Frank Wild's Polar Medals

by Glenn M. Stein, FRGS


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'Don't go looking for Antarctica without this book.' - Susan Solomon




The Unique and Historic Polar Medal to Commander Frank Wild,
Veteran of Five Heroic Age Antarctic Expeditions


Through the kindness of Robert Stephenson, Coordinator of the website The Antarctic Circle, and polar book author Angie Butler, I have been corresponding and speaking with the family of Commander John Robert Frances “Frank” Wild, RNVR, CBE, FRGS (1873–1939).

When his widow died in 1970, Frank Wild’s British War Medal and Victory Medal (LIEUT. F. WILD, R.N.V.R.), Geographical Society medals, British National Antarctic Expedition Sports Medal (FRANK WILD), and a dress miniature Polar Medal with clasps Antarctic 1902–04 and Antarctic 1907–09, along with a quantity of original documentation, were sold at Sotheby’s in June 1971. They were last sold at Dix Noonan Webb on December 13, 2007, and are now part of a London physician’s collection.

It has been known for many years that Wild’s unique Polar Medal with clasps Antarctic 1902–04, Antarctic 1907–09, Antarctic 1912–14 and Antarctic 1914–16, remained with his family in South Africa. The medal was issued officially engraved: A.B. F. WILD. “DISCOVERY”. Only two four-clasp Polar Medals have ever been issued, the other being to Ernest Joyce, featuring the clasps Antarctic 1902–04, Antarctic 1907–09, Antarctic 1914–16 and Antarctic 1917. Joyce also received a duplicate medal, and both medals are known to exist.

Wild’s Commander of the Order of the British Empire (CBE, New Year Honours List, 1920) and dress miniature medals accompany his Polar Medal. The miniatures are mounted for wear: CBE, Polar Medal with four clasps, British War Medal, Mercantile Marine War Medal and Victory Medal.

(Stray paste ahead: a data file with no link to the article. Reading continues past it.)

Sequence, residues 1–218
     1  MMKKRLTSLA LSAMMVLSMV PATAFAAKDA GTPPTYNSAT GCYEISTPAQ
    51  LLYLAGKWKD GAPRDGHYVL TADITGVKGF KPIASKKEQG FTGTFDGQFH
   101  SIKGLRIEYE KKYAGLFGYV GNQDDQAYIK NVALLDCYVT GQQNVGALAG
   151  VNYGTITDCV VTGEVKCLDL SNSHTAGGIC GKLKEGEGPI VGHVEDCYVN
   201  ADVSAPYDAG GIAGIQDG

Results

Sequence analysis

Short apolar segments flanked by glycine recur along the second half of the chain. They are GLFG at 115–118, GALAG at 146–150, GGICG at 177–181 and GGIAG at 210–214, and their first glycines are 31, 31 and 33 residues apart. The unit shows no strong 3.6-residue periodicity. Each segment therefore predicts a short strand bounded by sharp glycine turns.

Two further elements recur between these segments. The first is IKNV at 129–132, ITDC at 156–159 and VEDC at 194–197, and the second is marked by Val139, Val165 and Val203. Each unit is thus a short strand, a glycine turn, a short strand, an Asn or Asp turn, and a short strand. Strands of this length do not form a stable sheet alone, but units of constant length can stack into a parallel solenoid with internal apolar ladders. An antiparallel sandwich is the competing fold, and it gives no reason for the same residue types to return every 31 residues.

Wild’s family sought my advice concerning parting with the medals, since various interested parties in South Africa and the UK have attempted to acquire them over the years. I strongly recommended the best way to preserve Frank Wild’s memory and the medals’ provenance was to auction them through a leading London firm, and I recommended Dix Noonan Webb (DNW). Consequently, the family informed me that the CBE, Polar Medal and miniatures were to be offered in the rooms of DNW in mid-September 2009.

Frank Wild had more Antarctic experience than anyone else during the Heroic Age of Antarctic exploration (1895–1922), participating in five expeditions between 1901 and 1922. Wild’s work and leadership were universally respected by his Antarctic comrades, who virtually never had a critical word to say or write about the Skelton, Yorkshire native.

Wild first went to Antarctica as an Able Seaman with Scott during the British National Antarctic Expedition of 1902–04, having had 12 years in the merchant navy before joining the Royal Navy in 1900. He took part in several sledge journeys, including the tragic first attempt to reach Cape Crozier. His spirited leadership brought several men back to the ship after the death of Able Seaman George Vince, who drowned after slipping down a steep ice slope during a blizzard. Scott thought highly of Wild’s service and specially mentioned him in despatches, thus Wild was duly promoted to petty officer. During the expedition, Wild struck up a friendship with the third lieutenant, Ernest Shackleton.

As a member of Shackleton’s Nimrod Expedition (1907–09), Wild was placed in charge of provisions, and was one of the four-man sledge party to reach just 97 miles from the South Pole. Fellow Yorkshireman and expedition geologist Douglas Mawson afterwards wrote that his experiences during this time, “acquainted me with Wild’s high merits as an explorer and leader.” Upon his return, Frank Wild left the Royal Navy by purchase.